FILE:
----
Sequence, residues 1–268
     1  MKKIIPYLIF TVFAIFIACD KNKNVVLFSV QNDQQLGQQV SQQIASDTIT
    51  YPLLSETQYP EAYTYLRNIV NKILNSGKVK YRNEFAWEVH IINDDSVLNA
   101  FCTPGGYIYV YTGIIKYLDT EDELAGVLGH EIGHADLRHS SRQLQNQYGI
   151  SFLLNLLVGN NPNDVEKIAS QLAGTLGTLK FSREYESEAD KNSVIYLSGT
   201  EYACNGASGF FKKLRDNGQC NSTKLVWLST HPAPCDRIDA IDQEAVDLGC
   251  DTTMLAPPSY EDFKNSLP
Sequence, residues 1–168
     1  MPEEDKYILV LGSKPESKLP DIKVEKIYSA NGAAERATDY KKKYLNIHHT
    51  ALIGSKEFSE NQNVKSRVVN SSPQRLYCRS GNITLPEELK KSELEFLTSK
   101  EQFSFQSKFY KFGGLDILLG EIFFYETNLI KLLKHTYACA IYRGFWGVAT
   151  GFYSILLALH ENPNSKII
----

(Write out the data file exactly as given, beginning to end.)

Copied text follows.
Sequence, residues 1–268
     1  MKKIIPYLIF TVFAIFIACD KNKNVVLFSV QNDQQLGQQV SQQIASDTIT
    51  YPLLSETQYP EAYTYLRNIV NKILNSGKVK YRNEFAWEVH IINDDSVLNA
   101  FCTPGGYIYV YTGIIKYLDT EDELAGVLGH EIGHADLRHS SRQLQNQYGI
   151  SFLLNLLVGN NPNDVEKIAS QLAGTLGTLK FSREYESEAD KNSVIYLSGT
   201  EYACNGASGF FKKLRDNGQC NSTKLVWLST HPAPCDRIDA IDQEAVDLGC
   251  DTTMLAPPSY EDFKNSLP
Sequence, residues 1–168
     1  MPEEDKYILV LGSKPESKLP DIKVEKIYSA NGAAERATDY KKKYLNIHHT
    51  ALIGSKEFSE NQNVKSRVVN SSPQRLYCRS GNITLPEELK KSELEFLTSK
   101  EQFSFQSKFY KFGGLDILLG EIFFYETNLI KLLKHTYACA IYRGFWGVAT
   151  GFYSILLALH ENPNSKII